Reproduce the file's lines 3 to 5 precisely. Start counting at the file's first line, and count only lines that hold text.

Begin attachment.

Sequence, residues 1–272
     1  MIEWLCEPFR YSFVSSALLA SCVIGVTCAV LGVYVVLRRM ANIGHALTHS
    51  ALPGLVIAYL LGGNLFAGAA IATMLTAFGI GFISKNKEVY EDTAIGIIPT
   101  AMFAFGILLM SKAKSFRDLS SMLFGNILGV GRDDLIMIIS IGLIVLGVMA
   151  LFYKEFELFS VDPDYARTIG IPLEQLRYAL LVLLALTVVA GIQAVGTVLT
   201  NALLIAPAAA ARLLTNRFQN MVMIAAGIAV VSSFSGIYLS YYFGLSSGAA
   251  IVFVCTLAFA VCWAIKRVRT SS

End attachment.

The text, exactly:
    51  ALPGLVIAYL LGGNLFAGAA IATMLTAFGI GFISKNKEVY EDTAIGIIPT
   101  AMFAFGILLM SKAKSFRDLS SMLFGNILGV GRDDLIMIIS IGLIVLGVMA
   151  LFYKEFELFS VDPDYARTIG IPLEQLRYAL LVLLALTVVA GIQAVGTVLT